Immigration judges around the country are denying the Department of Homeland Security’s attempts to deport illegal immigrants in record numbers, according to a new report.

Over the last 10 months, immigration judges opted against the department’s efforts to remove some 96,223 illegal immigrants, including criminals, according to the Transactional Records Access Clearinghouse, a Syracuse University-based nonprofit.

At this rate, TRAC estimates the number of illegal immigrants allowed to remain in the U.S. despite DHS attempts to remove them will surpass last year’s breaking number of 106,676. With the court’s protection, subjects can often remain indefinitely.

“It’s concerning to me that the immigration courts are becoming such a frequently used back-door route to green cards,” said Jessica Vaughan, director of Policy Studies for the Center for Immigration Studies, a Washington, DC-based research institute, noting these cases will be nearly 10 percent of the green cards approved in 2016.

“Many of them arrived illegally, and are being awarded legal status simply because they managed to stay a long time and have acquired family members here.”

One in four of the illegal immigrants allowed to stay in the country despite DHS efforts to remove them this year is from Mexico, TRAC reported.

Another 44 percent were from the three Central American countries — El Salvador, Guatemala, and Honduras — where vast numbers of unaccompanied minors and women with children have crossed the border to seek asylum.

There are a number of reasons why an individual may be allowed to remain in the country, according to TRAC.

“… the judge can find that the government did not meet its burden to show the individual was deportable,” the report stated. “Or, the judge may have found that the individual was entitled to asylum in this country, or may grant relief from removal under other provisions of the law.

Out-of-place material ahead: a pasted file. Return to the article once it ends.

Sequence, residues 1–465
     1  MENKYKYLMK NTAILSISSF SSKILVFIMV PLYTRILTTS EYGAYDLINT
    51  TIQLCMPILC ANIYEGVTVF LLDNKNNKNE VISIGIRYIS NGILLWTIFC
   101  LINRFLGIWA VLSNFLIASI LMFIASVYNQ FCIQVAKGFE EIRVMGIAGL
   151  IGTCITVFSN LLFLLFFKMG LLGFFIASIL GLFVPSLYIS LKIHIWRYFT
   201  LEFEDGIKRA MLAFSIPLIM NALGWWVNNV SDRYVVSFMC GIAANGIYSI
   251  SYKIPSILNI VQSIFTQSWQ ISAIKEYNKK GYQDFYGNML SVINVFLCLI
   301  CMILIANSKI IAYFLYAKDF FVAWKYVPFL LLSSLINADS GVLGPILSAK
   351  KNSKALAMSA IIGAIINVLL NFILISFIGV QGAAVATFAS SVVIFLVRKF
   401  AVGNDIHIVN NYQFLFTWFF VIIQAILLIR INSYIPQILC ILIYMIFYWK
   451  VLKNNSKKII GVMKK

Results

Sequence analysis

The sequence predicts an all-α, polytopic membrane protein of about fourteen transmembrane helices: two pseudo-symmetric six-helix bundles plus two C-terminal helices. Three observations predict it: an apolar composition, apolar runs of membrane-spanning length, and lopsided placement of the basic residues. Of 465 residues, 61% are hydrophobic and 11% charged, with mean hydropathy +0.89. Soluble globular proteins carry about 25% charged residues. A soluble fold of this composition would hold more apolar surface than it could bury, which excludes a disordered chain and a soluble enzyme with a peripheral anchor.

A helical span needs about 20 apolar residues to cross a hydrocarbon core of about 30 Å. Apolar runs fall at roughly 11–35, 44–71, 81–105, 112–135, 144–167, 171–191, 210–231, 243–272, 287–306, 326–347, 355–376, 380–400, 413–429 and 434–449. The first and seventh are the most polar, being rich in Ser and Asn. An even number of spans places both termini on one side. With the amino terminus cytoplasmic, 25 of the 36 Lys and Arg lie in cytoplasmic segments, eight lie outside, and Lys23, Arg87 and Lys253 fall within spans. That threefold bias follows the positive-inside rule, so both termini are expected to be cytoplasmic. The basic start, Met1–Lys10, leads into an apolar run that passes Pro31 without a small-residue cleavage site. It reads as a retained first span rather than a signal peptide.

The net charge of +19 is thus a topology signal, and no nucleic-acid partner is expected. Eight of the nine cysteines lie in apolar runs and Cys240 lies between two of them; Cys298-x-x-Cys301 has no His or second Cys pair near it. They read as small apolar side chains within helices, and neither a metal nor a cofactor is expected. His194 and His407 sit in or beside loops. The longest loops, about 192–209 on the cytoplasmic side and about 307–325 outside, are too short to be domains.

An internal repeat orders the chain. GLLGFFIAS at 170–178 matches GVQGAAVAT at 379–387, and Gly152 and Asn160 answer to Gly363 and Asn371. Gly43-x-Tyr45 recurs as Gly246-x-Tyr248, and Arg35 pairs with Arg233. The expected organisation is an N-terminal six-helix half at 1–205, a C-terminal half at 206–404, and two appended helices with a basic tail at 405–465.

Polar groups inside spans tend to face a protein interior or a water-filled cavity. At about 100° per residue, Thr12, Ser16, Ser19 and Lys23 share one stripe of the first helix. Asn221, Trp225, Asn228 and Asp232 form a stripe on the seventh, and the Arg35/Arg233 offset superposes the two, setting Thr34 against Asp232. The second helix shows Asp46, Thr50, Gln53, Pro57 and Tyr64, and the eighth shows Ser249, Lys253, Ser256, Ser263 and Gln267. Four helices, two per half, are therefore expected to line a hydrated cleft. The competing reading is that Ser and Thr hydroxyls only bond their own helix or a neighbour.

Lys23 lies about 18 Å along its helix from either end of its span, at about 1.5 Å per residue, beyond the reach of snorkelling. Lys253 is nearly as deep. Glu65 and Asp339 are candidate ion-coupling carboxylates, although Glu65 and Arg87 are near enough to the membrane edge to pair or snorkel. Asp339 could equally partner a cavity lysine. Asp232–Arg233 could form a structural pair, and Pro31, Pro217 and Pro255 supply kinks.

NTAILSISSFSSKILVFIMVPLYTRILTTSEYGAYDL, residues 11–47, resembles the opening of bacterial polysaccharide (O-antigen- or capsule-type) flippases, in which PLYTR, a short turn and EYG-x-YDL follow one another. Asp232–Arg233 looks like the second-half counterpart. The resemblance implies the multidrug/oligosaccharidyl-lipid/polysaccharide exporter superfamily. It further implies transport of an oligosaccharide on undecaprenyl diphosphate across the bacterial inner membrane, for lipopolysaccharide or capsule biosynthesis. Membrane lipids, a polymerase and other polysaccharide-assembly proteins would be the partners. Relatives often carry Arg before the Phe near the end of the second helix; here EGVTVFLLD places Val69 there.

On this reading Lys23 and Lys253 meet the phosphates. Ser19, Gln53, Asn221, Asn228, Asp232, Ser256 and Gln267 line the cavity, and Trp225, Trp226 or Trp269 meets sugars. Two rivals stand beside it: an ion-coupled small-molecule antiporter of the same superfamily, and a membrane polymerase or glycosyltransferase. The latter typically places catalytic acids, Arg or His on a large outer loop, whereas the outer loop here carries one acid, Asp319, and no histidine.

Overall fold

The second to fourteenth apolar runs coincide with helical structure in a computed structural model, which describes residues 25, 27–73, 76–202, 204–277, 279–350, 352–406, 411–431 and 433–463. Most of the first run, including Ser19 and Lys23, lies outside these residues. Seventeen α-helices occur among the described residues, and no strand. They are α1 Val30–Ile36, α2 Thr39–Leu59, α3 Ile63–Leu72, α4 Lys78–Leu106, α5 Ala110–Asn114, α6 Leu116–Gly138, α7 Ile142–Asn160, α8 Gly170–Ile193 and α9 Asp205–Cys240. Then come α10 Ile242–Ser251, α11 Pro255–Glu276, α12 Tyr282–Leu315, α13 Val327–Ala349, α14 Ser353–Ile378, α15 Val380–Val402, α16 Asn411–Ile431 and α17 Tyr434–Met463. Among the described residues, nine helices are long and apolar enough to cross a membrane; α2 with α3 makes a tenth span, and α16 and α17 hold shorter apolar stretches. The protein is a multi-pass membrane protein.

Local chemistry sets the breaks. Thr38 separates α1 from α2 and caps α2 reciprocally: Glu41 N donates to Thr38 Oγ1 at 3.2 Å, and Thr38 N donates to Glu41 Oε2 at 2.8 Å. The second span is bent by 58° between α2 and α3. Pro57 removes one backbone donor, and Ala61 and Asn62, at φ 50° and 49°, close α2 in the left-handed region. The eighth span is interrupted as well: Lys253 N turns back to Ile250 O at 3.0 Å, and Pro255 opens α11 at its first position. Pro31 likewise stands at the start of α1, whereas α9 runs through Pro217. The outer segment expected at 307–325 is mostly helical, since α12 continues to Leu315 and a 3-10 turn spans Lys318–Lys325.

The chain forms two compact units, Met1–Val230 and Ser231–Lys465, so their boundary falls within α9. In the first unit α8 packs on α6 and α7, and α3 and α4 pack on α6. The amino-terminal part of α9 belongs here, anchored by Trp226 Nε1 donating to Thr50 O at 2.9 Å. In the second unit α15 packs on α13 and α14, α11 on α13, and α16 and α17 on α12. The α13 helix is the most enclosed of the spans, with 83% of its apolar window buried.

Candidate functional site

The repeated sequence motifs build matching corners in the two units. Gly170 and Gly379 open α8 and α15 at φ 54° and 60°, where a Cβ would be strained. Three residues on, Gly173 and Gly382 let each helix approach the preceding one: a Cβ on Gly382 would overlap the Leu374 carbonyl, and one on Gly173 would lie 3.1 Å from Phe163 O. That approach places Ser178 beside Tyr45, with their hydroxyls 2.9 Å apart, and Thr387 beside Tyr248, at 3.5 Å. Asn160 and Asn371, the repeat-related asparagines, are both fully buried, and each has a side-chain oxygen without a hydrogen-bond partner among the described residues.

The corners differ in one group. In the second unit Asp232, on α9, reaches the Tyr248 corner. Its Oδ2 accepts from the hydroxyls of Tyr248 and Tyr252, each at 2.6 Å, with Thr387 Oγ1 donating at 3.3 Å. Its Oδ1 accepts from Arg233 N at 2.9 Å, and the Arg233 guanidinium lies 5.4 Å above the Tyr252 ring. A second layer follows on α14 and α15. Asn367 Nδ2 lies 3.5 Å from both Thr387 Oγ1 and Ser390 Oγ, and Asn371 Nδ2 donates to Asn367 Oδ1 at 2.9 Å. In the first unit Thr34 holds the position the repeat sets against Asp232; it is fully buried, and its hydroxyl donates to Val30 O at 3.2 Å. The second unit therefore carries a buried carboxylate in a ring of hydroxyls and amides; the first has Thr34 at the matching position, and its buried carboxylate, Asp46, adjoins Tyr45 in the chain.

“A person also may be allowed to remain because the government requests that the case be administratively closed through the exercise of ICE's prosecutorial discretion, or for some other reason,” the report also stated.

The Phoenix federal Immigration Court had the highest percentage of non-citizens allowed to stay in the country over the objections of DHS officials.

“In more than four out of every five, or 82.2 percent of its 3,554 cases closed so far in 2016, the individuals were successful in their quest to remain in the U.S,” TRAC reported.

The New York Immigration Court was not far behind at 81.5 percent of the 16,152 non-citizen cases closed to date, followed by the Denver Immigration Court at 78.0 percent of its 831 cases.

Nationwide, there is a backlog of around 500,000 cases pending in the immigration courts, and as it grows, judges become more lenient, said Ira Mehlman, spokesman for the Federation for American Immigration Reform (FAIR).

“This is by design,” Mehlman said. “The longer the attorneys draw out the cases, the better it is for their clients because the likelihood that they will get to stay in the country increases. It is also better for the immigration attorneys because they can charge more fees.

“From the judge’s perspective, because the courts are so backlogged, it is easier to let people stay in the country than actually try to remove them,” he said. “There are endless layers of appeal and no finality in it.”

On the opposite end of the scale, Oakdale, La., Lumpkin, Ga. and Napanoch, N.Y., Immigration Courts only allowed between 11.3 percent and 17.5 percent of the non-citizens slated for removal to remain in the U.S., TRAC reported.

There is a great deal of money spent, and government resources dedicated, to prosecute a removal case for detention, to monitor those who are released, for attorneys to prosecute removal cases and for the court personnel to conduct hearings, said Claude Arnold, a retired U.S. Immigration and Customs Enforcement special agent in charge of Homeland Security Investigations.

Arnold believes the Obama administration has sent the message to immigration judges to push back when DHS attempts to enforce its rules regarding illegal immigrants. By law, they are subject to deportation when local, state or federal authorities cross paths with them, but several local governments refuse to cooperate in the removal process.

The administration of the immigration courts does not comment on third-party analysis of data, said Kathryn Mattingly, spokesperson for the Department of Justice’s Executive Office for Immigration Review. However, she said the year prior to the TRAC report, in Fiscal Year (FY) 2015, immigration judges granted 48 percent of asylum applications, marking the third year in a row that percentage has decreased, falling from 56 percent in 2012.